Tuesday, December 29, 2009
Catholic Online (www.catholic.org)
‘There are a great many Bishops in the Church, but would to God we were the zealous teachers and pastors that we promised to be at our consecration.’
A late 15th century alabaster panel representing the martyrdom of St. Thomas Becket.
'As successors of the Apostles, we hold the highest rank in our churches; we have accepted the responsibility of acting as Christ’s representatives on earth; we receive the honor belonging to that office, and enjoy the temporal benefits of our spiritual labors. It must therefore be our endeavor to destroy the reign of sin and death, and by nurturing faith and uprightness of life, to build up the Church of Christ into a holy temple in the Lord.'
CHESAPEAKE, Va. (Catholic Online) – On December 29 we continue the celebration of the Octave (Eight days) of Christmas. The Church instructs us concerning the implications of the Nativity of the Lord in the selection of these feasts. In the Incarnation, which encompasses the entire saving life, death, resurrection and ascension of Jesus, humanity was re-created in Christ the new Adam. He became like us in order to capacitate us to become like Him. That happens as we respond to the continual call of the Holy Spirit and receive the graces needed for our continuing conversion.
In our first reading for today’s Mass we find these words from the beloved disciple John: “Beloved: The way we may be sure that we know Jesus is to keep his commandments. Whoever says, “I know him,” but does not keep his commandments is a liar, and the truth is not in him. But whoever keeps his word, the love of God is truly perfected in him. This is the way we may know that we are in union with him: whoever claims to abide in him ought to walk just as he walked.” (1 John 2)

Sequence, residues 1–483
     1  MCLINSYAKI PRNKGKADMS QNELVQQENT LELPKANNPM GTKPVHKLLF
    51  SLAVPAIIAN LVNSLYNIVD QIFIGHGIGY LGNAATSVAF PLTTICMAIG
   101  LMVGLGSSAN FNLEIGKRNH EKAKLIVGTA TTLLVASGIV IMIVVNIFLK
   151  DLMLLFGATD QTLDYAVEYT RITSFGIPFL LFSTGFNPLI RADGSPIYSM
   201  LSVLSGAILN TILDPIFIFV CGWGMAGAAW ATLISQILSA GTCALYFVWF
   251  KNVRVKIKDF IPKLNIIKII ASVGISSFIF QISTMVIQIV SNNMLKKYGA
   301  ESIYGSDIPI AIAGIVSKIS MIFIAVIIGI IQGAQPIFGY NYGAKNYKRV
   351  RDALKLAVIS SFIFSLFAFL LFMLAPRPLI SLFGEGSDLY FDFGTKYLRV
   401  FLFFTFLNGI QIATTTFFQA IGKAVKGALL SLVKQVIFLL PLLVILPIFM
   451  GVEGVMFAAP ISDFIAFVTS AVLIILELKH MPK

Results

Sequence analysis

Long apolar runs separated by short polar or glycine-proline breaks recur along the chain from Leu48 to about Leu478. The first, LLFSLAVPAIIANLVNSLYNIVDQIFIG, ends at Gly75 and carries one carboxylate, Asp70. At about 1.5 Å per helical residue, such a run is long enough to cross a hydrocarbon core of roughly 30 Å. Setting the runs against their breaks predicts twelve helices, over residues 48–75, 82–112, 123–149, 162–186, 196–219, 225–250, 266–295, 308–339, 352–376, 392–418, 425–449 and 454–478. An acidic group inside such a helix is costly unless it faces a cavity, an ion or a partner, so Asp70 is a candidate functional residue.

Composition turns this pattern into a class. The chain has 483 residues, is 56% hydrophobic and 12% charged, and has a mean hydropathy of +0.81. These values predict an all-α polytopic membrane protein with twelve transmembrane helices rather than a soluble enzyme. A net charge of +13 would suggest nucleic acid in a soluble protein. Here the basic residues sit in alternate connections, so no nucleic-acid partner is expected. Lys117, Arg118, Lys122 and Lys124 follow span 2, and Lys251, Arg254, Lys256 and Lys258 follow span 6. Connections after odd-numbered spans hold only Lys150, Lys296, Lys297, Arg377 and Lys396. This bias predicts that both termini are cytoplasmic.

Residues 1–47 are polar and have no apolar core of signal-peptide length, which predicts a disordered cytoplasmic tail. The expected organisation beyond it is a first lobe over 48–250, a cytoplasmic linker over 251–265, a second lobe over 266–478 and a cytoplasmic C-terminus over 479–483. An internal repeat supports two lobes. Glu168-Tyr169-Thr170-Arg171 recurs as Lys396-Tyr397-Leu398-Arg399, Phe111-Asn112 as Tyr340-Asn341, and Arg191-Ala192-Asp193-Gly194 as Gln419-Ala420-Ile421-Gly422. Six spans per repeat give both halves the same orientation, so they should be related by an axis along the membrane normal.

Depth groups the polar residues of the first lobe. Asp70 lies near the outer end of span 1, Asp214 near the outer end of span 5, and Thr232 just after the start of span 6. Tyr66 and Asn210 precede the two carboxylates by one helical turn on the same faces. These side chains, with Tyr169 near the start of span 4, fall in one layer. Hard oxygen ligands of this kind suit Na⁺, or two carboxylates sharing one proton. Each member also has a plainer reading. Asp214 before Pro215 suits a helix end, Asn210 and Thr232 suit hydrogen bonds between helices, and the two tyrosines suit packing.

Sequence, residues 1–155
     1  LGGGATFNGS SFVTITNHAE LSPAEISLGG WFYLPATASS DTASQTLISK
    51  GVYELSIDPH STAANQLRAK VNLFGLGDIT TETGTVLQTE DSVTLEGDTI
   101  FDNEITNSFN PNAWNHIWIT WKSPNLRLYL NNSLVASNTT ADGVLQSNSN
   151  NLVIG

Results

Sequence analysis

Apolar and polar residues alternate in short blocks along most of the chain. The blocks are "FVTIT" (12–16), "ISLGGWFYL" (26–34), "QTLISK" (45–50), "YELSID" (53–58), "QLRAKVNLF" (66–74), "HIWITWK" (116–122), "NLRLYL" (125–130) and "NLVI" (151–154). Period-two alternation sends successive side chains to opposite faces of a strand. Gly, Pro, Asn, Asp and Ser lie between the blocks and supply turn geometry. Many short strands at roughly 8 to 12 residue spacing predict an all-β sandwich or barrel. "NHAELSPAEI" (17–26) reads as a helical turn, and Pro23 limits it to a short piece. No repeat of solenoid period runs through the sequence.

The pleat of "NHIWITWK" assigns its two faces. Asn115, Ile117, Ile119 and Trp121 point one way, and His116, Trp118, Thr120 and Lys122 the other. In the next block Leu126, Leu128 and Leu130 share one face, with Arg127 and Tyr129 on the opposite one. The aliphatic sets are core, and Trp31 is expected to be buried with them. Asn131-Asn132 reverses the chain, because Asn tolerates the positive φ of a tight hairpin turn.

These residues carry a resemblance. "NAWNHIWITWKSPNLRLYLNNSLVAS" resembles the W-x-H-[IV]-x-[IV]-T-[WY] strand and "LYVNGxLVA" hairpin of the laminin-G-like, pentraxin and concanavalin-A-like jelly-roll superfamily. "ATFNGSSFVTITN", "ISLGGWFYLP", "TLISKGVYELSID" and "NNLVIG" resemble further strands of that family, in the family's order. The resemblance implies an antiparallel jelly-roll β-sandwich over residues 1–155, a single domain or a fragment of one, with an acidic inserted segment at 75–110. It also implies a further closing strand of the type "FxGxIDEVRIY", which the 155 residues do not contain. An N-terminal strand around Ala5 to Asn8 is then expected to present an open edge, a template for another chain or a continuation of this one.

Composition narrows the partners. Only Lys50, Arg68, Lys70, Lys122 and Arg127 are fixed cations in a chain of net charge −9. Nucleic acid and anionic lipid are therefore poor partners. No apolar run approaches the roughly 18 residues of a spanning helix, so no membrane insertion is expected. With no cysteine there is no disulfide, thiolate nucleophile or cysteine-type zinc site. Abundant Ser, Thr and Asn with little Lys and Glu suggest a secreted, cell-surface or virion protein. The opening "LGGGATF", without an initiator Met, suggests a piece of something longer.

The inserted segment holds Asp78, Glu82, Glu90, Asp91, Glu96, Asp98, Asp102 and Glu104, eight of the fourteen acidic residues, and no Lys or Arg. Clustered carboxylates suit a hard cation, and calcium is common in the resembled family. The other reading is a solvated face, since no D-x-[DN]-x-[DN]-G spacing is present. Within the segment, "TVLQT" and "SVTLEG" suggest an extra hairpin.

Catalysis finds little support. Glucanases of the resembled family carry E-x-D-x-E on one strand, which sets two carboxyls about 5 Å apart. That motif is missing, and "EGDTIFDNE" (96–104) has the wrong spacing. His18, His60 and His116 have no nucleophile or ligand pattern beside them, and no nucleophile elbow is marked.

As members of the Risen Body of Christ, the Church, we are called to continue His redemptive mission; making Him present in every age until he returns to complete his work of redemption. We are called to “walk the talk”, even when such a bold and brave witness of life places us at risk of being persecuted. The Saints reveal the heroic virtue which is to be manifested in the vocation to which we are all called in our Baptism. We are to become Saints, no matter what our state in life.
On this Octave day of Christmas we consider the life and martyrs’ death of a Bishop named Thomas Becket. He faced a hostile government and refused to bend. He teaches us in our own day how vital it is to stay faithful to the Truth. For the Christian, the Truth is a Divine Person named Jesus Christ. We are called to bear His name and, in the words of the Apostle, “walk just as he walked.”
However, Thomas Becket is a special witness for our beloved Bishops. Today they face the growing hostility of a State which has no tolerance for their insistence on the fundamental human right to life from conception to natural death.Like Thomas, they must refuse to bend.